Crap CBS Says

Someone needs to give the folks at CBS a reality check.

In responding to the predictable ire in some circles regarding the title of the otherwise completely innocuous and unworthy of attention series $H*! MY DAD SAYS, the network is pointing out that “the program is inspired by the wildly popular Twitter phenomena, which now has more than 1.5 million followers.”

Um, 1.5 million is a lot of followers… on twitter. On television? Not so much. If the show managed to bring in twice as many viewers as it has followers, it would still be considered a huge, massive, undeniable, cancel-it-for-the-love-of-God-we-are-bleeding-money failure.

There was absolutely no reason that CBS couldn’t have gone with the title CRAP MY DAD SAYS… except, of course, for the fact that in doing so, they wouldn’t have gotten the free publicity they’ve gotten for a show that is, by all accounts, no MODERN FAMILY.

It has, however, brought to light an issue that might do from a little bit of debate, and that is why the public airwaves are now full of… well, $#*! you sure couldn’t say just a few years ago. Watch any network’s primetime line-up and I guarantee you’ll hear the words “douchebag,” “dick,” “balls” and “ass.” And we’re not talking about shows on FX or airing at 10 p.m., we’re talking the big three networks in what was once referred to as the family hour.

It seems we’ve got trouble. Right here in River City. Trouble with an T that rhymes with C and that stands for cursing.

Now to be fair, I’m not exactly known for my gentile word choice, nor am I easily offended. But I’m also not being broadcast into millions of American homes every night. There was a time when I resented groups who wanted to take shows off the airwaves because I believed that rather than trying to get things I enjoyed yanked, they needed to simply turn the offensive shows off.

But what happens when all of the shows are offensive to some degree? When words like “balls” and “douchebag” are as commonly uttered as the formerly-forbidden “bitch” or “damn.” It raises some interesting questions, such as where the line will be drawn, should a line be drawn, and what does the shifting of said line say about our culture and it’s morality? Should we expect more from the characters on television than we get from politicians such as the vice-president and his now-famous utterance-heard-round-the-world?

There aren’t any easy answers, but it’s a topic worth discussing… and where better than in the comments section below? Just remember… this isn’t SOUTHLAND. Let’s keep it civil.

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  • Amelia

    I disagree I do not think censorship is necessary. A word is just a word. I think television is for entertainment not for instructing morals, if that were the case we might as well just watch Barney.

    As far as children go, it is up to parents and other guardians to teach the appropriate way to speak and act. My parents let me watch most of the same things that they watched when I was a child. I went with them to R rated movies. We've had HBO for as long as I can remember, and my parents were not very concerned about restricting my viewing.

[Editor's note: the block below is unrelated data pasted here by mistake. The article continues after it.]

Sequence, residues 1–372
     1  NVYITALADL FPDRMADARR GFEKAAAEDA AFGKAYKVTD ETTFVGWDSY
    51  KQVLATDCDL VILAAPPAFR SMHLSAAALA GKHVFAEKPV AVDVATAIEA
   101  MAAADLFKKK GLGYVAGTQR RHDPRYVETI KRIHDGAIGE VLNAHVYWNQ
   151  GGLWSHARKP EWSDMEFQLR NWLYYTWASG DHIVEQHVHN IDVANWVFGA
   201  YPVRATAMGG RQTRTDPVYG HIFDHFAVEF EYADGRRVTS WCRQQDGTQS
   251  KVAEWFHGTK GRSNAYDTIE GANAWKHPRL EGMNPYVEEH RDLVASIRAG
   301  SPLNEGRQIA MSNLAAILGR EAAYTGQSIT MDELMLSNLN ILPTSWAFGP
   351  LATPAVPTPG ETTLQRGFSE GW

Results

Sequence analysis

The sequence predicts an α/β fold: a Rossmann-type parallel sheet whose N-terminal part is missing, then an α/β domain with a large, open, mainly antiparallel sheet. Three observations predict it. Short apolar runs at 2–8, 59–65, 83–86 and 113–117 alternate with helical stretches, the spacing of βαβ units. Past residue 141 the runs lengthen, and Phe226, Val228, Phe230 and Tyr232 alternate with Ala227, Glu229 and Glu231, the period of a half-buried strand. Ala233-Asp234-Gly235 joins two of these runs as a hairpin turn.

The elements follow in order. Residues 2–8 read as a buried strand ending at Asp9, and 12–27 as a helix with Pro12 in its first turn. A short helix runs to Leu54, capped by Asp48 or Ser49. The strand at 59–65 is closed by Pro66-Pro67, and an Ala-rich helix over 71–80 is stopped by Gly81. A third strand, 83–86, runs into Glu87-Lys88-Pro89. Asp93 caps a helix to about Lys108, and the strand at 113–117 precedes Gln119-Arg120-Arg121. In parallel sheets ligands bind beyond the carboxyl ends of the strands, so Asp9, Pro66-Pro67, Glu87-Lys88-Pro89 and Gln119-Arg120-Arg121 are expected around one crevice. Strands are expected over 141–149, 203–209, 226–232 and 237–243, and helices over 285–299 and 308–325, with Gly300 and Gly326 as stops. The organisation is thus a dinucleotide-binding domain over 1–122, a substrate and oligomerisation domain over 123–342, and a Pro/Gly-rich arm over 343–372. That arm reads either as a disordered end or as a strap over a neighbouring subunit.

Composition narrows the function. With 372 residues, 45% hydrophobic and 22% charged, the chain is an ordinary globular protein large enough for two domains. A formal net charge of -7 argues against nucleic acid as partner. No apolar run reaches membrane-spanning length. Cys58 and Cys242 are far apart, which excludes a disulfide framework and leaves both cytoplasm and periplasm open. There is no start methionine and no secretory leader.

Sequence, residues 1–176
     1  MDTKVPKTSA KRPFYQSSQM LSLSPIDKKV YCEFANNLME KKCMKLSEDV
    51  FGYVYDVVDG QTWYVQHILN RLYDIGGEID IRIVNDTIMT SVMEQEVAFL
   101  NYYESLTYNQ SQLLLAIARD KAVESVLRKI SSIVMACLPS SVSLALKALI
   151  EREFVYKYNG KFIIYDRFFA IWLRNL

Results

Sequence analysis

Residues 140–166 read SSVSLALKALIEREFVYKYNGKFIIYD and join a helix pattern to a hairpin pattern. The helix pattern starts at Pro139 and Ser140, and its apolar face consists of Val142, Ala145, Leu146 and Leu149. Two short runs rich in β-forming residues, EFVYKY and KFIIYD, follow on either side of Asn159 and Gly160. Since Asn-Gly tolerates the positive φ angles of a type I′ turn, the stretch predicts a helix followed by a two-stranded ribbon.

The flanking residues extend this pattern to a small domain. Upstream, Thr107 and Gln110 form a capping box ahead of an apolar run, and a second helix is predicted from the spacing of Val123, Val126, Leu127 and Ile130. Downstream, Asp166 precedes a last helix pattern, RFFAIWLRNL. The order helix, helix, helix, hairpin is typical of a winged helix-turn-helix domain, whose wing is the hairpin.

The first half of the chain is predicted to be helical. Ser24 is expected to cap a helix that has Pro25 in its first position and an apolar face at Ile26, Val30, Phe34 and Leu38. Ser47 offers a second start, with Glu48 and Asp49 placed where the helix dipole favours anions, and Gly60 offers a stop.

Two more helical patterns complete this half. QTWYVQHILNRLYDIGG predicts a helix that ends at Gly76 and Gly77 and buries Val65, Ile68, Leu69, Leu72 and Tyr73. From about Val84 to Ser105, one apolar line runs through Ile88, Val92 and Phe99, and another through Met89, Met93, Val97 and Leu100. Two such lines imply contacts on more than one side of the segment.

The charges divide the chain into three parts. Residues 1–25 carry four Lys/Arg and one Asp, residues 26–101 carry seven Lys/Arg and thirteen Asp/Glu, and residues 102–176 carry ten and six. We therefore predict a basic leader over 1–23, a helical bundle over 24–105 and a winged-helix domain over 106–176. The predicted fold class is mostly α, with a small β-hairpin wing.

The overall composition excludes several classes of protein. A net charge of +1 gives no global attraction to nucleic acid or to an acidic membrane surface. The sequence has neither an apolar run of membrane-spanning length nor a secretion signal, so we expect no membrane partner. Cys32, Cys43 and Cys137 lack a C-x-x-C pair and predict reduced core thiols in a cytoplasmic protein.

Despite this I still choose not curse when I speak – although I did go through a phase in high school. I know that using curse words makes you look more unintelligent and tends to make other people less cooperative. If you choose to curse you're doing yourself a disservice no one else, that doesn't mean we can't watch it.

  • joshemerson

    I hate how overly censored American TV is. You really realize just how bad it is when you watch British shows as they were aired over there. Cursing, nudity, and adult storylines are all allowed, yet over here you have groups getting worked up just because the word 'shit' is in the title of a TV show. And it's not even the actual word, it's a censored version!

    This reminds me of that scene on 30 Rock.
    Liz: “It used to be on TV you couldn't say crap. Then they let that slide and now we can say whatever we want. Douchebag, asswipe…
    Jack: “Anal rot”
    Liz: “Exactly”

    I wish they could say whatever they wanted!

  • TheRealCT

    Television may not be for INSTRUCTING morals, but at the same time, is it there to corrupt them? Other than tons of free publicity, what does CBS gain by NOT going with a title that doesn't include a profanity — implied or said?

    I think my point here is that just as you went through a “curse” phrase and then learned better, TV is going through the same thing. Unfortunately, TV seems not to have learned. Instead, it is continuing to push the boundaries and WILL continue to push the boundaries until they are made to stop. And then, as always happens, someone will say, “Why is the FCC getting involved in this? The networks should be able to censor themselves.” And the answer will be, “Yes, they should, But they proved themselves unable to, and so someone has to do it for them.”

  • TheRealCT

    I think to a degree, you're missing the point. As it stands now, you CAN'T say whatever you want on TV. If the FCC decides to just sort of say, “Screw it. TV is a free-for-all. Say what you want, whenever you want” then this conversation comes to an end. But that's not how things are now. There are words you aren't allowed to say. And many of the words we now DO hear on a nightly basis are words that only a year or two ago couldn't be said. Where is the line drawn? Will parents have to worry that soon, Saturday morning cartoons will be allowed to use the word douchebag because it's SO commonly accepted?